With each of these, I was genuinely happy to hear the news. Not just mildly “oh how nice” happy, but really, genuinely happy for them.

With other pregnancy announcements I’ve gotten since Burrito and Tamale were born, from purported fertiles, I’ve been “oh how nice” happy. Just as if they announced an engagement, or a new job, or anything else.

Back in the day, 1.5 to 8 years ago, I was often not-so-happy to hear pregnancy announcements. From those I knew had struggled, yes, happiness. From everyone else, whether or not I liked them, anywhere from a jealous twinge to a meltdown.

When I was pregnant, finding out that someone else (fertile or not) was pregnant was a combination of, “Our babies will be close in age!” and “What if my babies die and their baby lives?”

Goodbye, bitterness. So long, fear. Goodbye and good riddance.

How do you take the news of a pregnancy announcement these days? Does it depend on the person’s history? How has your reaction changed over time?

Thoughtful ThursdayContinuing where we left off last week

I just came very close to getting on a plane to help my mother, then was able to avert the crisis.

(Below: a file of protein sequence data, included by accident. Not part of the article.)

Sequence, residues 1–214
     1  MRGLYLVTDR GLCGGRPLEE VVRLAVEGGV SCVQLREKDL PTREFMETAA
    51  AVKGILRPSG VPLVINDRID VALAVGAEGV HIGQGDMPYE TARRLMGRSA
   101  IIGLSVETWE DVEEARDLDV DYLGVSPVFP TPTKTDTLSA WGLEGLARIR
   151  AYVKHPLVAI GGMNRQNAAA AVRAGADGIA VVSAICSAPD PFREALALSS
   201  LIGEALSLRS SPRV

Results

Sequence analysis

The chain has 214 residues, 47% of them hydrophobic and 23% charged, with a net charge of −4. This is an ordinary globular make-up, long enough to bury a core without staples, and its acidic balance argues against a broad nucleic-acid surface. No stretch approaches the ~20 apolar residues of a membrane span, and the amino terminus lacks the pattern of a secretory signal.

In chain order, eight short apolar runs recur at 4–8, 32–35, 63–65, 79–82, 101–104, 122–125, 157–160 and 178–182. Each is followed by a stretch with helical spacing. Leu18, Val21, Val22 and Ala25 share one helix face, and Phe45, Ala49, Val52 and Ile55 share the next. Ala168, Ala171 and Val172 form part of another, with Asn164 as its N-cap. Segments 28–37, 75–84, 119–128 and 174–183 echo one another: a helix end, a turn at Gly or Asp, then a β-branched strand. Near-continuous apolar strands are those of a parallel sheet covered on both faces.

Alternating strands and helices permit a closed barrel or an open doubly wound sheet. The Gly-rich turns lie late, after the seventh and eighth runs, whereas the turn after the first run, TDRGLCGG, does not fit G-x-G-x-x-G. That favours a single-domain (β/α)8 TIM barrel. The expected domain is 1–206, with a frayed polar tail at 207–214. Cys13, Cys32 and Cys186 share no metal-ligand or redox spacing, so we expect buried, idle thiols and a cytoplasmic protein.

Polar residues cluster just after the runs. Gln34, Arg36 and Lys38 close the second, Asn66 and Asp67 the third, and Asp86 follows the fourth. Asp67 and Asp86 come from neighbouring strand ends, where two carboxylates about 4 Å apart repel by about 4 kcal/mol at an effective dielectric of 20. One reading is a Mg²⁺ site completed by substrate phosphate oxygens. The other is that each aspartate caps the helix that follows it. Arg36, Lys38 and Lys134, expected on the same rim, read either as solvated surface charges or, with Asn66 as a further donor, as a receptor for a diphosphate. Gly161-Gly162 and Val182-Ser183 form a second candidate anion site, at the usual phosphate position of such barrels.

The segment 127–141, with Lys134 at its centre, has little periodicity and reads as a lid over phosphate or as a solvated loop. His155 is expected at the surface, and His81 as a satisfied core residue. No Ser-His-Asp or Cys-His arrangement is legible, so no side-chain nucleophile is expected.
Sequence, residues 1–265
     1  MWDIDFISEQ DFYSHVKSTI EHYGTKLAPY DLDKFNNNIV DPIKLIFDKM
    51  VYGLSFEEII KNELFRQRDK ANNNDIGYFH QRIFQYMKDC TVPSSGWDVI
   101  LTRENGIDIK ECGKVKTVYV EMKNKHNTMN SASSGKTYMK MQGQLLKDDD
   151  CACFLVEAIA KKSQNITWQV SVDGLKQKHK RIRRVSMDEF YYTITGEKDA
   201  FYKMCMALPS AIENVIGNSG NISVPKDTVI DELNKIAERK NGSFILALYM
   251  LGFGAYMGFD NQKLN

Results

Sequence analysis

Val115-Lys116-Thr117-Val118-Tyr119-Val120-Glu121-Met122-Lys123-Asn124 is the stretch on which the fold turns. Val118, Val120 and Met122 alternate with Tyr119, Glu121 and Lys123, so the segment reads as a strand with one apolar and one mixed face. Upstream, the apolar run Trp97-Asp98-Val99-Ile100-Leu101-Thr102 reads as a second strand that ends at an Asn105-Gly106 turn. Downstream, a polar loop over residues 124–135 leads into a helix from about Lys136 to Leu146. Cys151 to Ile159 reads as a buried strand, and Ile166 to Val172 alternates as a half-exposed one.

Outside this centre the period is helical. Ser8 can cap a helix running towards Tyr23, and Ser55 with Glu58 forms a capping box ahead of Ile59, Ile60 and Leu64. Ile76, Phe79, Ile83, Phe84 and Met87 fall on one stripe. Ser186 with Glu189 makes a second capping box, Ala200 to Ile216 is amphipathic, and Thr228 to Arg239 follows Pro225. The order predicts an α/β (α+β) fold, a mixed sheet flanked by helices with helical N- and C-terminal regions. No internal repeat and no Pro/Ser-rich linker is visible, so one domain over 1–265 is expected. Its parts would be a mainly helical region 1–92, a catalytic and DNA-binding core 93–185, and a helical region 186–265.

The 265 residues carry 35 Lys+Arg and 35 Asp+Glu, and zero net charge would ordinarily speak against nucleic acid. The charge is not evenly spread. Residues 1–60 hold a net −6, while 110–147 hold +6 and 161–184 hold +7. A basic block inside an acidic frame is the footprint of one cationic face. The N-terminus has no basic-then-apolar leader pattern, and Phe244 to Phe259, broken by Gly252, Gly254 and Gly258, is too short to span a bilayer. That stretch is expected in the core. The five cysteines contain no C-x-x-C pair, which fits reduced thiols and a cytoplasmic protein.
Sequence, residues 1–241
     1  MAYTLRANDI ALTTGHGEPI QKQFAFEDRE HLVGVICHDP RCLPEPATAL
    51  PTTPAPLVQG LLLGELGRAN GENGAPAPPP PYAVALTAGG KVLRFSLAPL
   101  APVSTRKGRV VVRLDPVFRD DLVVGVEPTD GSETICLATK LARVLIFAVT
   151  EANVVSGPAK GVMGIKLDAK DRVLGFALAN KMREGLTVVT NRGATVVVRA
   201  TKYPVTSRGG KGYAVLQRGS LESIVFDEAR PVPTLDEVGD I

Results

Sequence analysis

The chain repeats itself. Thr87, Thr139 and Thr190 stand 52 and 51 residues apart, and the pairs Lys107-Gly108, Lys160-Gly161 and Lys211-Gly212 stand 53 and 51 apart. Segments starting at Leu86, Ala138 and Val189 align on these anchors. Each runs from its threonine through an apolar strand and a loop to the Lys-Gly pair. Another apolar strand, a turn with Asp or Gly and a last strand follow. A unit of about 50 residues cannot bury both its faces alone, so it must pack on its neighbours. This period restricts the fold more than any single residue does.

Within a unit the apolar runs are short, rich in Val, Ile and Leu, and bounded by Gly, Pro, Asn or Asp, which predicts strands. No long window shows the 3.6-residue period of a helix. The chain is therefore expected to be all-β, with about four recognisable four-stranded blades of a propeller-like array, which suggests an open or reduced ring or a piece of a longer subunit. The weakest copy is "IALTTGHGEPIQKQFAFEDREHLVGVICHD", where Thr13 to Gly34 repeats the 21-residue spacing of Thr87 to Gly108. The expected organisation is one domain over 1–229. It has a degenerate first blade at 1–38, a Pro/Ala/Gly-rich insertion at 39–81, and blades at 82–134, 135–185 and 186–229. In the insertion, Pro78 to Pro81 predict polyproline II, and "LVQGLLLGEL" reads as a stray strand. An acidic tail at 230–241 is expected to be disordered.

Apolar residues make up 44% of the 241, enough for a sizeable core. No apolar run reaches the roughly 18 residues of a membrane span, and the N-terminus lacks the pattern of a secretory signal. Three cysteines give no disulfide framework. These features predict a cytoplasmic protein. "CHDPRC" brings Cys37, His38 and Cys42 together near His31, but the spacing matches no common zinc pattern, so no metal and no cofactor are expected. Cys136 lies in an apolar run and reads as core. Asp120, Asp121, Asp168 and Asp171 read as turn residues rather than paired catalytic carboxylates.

When I thought I was going to get on a plane the next day, I needed to find a way for Burrito and Tamale to be taken care of, because bringing them cross-country alone was not feasible. The babysitter will be unavailable the most of the days I would have been gone, and DH was supposed to go out of town again.

Without a second thought, I called his stepmother to see if I could fly her here.

Her response? “Hmm let me think what I have lined up, you know what, never mind, I’ll be there. Anything you need.”

I turned out not to need her help, but I am so grateful that I could depend on her. Willing and able to care for the twins, and eager to help me do anything I needed for my mother’s situation including hop on a plane with less than a day’s notice. Even after I told her that she didn’t need to come, she emailed me several times to say that if anything changes she’s ready to come anytime I call, that her bags are packed. She is completely stand-up.